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Whalehead Club

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Corolla Island
1922–1925; 1999–2002 restoration. 1100 Club Rd.
  • (Photograph by Erik Floor)
  • (Photograph by Erik Floor)

The Whalehead Club is a rare survivor of North Carolina’s early-twentieth-century hunting lodges. The Club is located on the Outer Banks, a strand of barrier islands in the Atlantic Ocean, about a dozen miles south of the Virginia border in an area called Currituck Banks. In the 1920s, wealthy adventurists searched for a location rich in waterfowl and small game hunting—they found it here, building as many as ten shooting clubs in the area.

In 1922 railroad executive Edward C. Knight Jr. and his wife, Marie Louise Lebel, began building a private retreat on an isolated piece of property in Corolla. Both came from wealthy backgrounds and had lavish residences in Philadelphia and in Middletown, Rhode Island. Their design for the 21,000-square-foot lodge, which they called Corolla Island, exhibited stylistic characteristics of Art Nouveau, Pennsylvania farmhouses, and the Arts and Crafts movement.

Set on a flat, marshy site, the house has a striking appearance formed primarily by dramatic, steeply sloped, copper-clad gable roofs that flare outward at the eaves. Nine distinctive gable dormers accentuate the roof along a symmetrical front and rear facades. The wood-clad exterior is painted a vibrant yellow. On the southern side of the lodge, facing Currituck Sound, a broad central porch is set behind a colonnade. On the northern or entry side, the mahogany doors are protected by a simple shed-roofed porch. Side porches are located off of each end of the lodge, providing panoramic views of the vast site.

The majority of the materials had to be shipped down the coast, many coming from Norfolk, Virginia. The massive house is constructed with structural steel beams to support the weight of the floors and roofs. The brick walls are three courses wide and up to eighteen inches thick in some areas; the house has five brick chimneys. The main level included a large parlor with a fireplace, dining room, gun room, and boot room. Four guestrooms, each with its own bathroom, occupied the second floor. The house has two elevators and a swimming pool—the first examples of each in the northern Outer Banks—and the interiors are well ornamented with numerous Tiffany lighting fixtures.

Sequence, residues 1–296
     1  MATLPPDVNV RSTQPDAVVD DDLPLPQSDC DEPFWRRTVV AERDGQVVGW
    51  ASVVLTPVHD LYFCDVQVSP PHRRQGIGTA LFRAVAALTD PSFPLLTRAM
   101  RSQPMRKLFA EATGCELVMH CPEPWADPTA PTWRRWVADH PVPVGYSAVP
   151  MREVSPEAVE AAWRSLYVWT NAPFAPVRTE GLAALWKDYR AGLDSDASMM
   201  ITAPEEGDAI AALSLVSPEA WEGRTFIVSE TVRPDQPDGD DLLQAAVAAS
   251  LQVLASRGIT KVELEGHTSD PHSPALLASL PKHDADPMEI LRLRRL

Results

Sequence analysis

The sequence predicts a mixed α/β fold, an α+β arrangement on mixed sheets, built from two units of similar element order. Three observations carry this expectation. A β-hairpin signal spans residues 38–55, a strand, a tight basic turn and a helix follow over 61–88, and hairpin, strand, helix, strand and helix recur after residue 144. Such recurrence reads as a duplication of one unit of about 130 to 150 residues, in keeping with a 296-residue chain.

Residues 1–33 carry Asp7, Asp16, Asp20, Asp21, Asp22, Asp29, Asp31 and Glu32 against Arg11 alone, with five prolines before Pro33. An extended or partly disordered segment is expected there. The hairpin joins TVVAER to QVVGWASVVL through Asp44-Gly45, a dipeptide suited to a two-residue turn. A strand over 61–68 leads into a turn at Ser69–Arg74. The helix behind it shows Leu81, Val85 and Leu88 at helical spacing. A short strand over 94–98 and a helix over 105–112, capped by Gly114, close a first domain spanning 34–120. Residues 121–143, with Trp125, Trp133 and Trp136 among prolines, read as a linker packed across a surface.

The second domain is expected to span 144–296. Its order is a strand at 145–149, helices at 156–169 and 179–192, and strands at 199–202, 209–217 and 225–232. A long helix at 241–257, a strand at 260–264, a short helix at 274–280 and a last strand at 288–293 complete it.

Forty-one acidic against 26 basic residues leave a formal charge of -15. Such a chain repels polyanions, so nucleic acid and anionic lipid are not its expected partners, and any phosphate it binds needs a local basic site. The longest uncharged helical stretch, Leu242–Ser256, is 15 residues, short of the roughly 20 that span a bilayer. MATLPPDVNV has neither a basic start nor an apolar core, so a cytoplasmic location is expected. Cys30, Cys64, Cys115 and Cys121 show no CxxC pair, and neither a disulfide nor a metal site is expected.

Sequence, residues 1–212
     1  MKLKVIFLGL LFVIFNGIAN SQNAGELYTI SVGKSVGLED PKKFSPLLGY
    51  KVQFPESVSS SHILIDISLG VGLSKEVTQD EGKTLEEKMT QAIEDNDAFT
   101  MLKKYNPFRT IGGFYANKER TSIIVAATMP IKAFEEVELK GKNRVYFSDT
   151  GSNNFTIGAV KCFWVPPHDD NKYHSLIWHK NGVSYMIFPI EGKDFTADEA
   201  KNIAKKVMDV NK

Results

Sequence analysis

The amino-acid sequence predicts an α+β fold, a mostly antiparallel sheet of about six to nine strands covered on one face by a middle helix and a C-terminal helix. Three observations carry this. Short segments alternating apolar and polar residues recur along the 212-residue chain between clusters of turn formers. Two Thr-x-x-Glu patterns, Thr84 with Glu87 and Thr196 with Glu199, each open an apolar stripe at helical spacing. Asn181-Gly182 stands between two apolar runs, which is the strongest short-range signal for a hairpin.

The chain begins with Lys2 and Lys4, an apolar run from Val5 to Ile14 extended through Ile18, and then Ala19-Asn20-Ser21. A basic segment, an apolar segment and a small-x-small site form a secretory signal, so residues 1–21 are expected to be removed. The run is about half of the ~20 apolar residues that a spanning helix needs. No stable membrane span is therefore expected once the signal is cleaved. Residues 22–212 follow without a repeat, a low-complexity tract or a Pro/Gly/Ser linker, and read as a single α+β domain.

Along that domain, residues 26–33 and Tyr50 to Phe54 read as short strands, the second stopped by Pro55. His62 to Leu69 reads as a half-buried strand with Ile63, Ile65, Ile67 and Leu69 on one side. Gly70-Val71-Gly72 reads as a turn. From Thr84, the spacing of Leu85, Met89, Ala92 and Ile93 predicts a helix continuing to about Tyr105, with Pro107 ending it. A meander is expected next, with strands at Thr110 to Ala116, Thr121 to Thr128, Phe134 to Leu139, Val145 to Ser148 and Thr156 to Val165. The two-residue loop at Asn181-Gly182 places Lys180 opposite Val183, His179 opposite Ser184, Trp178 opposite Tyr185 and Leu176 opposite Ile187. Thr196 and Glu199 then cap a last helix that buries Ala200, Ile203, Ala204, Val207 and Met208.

In 1936, the Knights sold Corolla Island and returned to Rhode Island after Edward became ill. New owners (a consortium led by Ray T. Adams) renamed the house the Whalehead Club in 1939. The clubhouse served as a residence and bunker for the U.S. Coast Guard during World War II, and then as the Corolla School for Boys until 1962. During the Cold War the federal government leased the property as a rocket engine testing site. The club then fell into disrepair until the 1990s, when Currituck County bought the house and surrounding acreage, which included the nearby Currituck Lighthouse. Between 1999 and 2002 the county restored the hunting lodge.

Now open to the public for tours as part of the Historic Corolla Park, the Whalehead Club also serves as a wedding and special events venue.


Bishir, Catherine W. North Carolina Architecture. Portable edition. Chapel Hill: University of North Carolina Press, 2005.

Bishir, Catherine W., and Michael T. Southern. A Guide to the Historic Architecture of Eastern North Carolina. Chapel Hill: University of North Carolina Press, 1996.

Roberts, Claudia P., “The Whalehead Club,” Currituck County, North Carolina. National Register of Historic Places Inventory–Nomination Form, 1979. National Park Service, U.S. Department of the Interior, Washington, D.C.

Writing Credits

Mitch Caldwell
Kristen Schaffer
David Hill



  • 1922

    Design and construction
  • 1992

    Purchased by Currituck County
  • 1999



Mitch Caldwell, "Whalehead Club", [Corolla, North Carolina], SAH Archipedia, eds. Gabrielle Esperdy and Karen Kingsley, Charlottesville: UVaP, 2012—,

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